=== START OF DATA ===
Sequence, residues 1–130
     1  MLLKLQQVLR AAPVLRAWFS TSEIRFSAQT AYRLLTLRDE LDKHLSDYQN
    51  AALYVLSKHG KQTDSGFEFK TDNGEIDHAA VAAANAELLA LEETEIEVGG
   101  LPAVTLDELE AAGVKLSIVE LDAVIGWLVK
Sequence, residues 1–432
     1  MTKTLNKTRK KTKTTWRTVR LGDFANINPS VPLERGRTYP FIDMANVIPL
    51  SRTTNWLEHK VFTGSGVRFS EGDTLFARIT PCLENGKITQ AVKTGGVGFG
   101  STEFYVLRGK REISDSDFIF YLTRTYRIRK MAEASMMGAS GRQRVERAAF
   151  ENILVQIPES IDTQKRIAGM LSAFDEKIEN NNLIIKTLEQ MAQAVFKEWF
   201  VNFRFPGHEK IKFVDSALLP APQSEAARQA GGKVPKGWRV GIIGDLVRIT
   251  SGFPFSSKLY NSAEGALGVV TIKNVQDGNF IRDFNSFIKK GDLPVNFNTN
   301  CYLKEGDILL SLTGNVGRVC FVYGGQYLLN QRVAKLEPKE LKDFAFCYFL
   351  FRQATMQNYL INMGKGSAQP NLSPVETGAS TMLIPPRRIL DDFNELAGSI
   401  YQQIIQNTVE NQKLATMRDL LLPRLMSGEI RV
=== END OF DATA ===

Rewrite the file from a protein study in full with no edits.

Sequence, residues 1–130
     1  MLLKLQQVLR AAPVLRAWFS TSEIRFSAQT AYRLLTLRDE LDKHLSDYQN
    51  AALYVLSKHG KQTDSGFEFK TDNGEIDHAA VAAANAELLA LEETEIEVGG
   101  LPAVTLDELE AAGVKLSIVE LDAVIGWLVK
Sequence, residues 1–432
     1  MTKTLNKTRK KTKTTWRTVR LGDFANINPS VPLERGRTYP FIDMANVIPL
    51  SRTTNWLEHK VFTGSGVRFS EGDTLFARIT PCLENGKITQ AVKTGGVGFG
   101  STEFYVLRGK REISDSDFIF YLTRTYRIRK MAEASMMGAS GRQRVERAAF
   151  ENILVQIPES IDTQKRIAGM LSAFDEKIEN NNLIIKTLEQ MAQAVFKEWF
   201  VNFRFPGHEK IKFVDSALLP APQSEAARQA GGKVPKGWRV GIIGDLVRIT
   251  SGFPFSSKLY NSAEGALGVV TIKNVQDGNF IRDFNSFIKK GDLPVNFNTN
   301  CYLKEGDILL SLTGNVGRVC FVYGGQYLLN QRVAKLEPKE LKDFAFCYFL
   351  FRQATMQNYL INMGKGSAQP NLSPVETGAS TMLIPPRRIL DDFNELAGSI
   401  YQQIIQNTVE NQKLATMRDL LLPRLMSGEI RV